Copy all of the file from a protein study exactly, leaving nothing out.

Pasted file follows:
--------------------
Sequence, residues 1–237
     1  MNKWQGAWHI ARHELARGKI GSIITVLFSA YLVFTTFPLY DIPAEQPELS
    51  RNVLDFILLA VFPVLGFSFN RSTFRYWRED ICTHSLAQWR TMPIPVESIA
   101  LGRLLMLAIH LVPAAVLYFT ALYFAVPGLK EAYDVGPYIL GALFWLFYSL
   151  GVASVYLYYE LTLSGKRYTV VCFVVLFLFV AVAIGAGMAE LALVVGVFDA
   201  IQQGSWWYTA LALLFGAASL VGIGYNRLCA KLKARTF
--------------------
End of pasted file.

Sequence, residues 1–237
     1  MNKWQGAWHI ARHELARGKI GSIITVLFSA YLVFTTFPLY DIPAEQPELS
    51  RNVLDFILLA VFPVLGFSFN RSTFRYWRED ICTHSLAQWR TMPIPVESIA
   101  LGRLLMLAIH LVPAAVLYFT ALYFAVPGLK EAYDVGPYIL GALFWLFYSL
   151  GVASVYLYYE LTLSGKRYTV VCFVVLFLFV AVAIGAGMAE LALVVGVFDA
   201  IQQGSWWYTA LALLFGAASL VGIGYNRLCA KLKARTF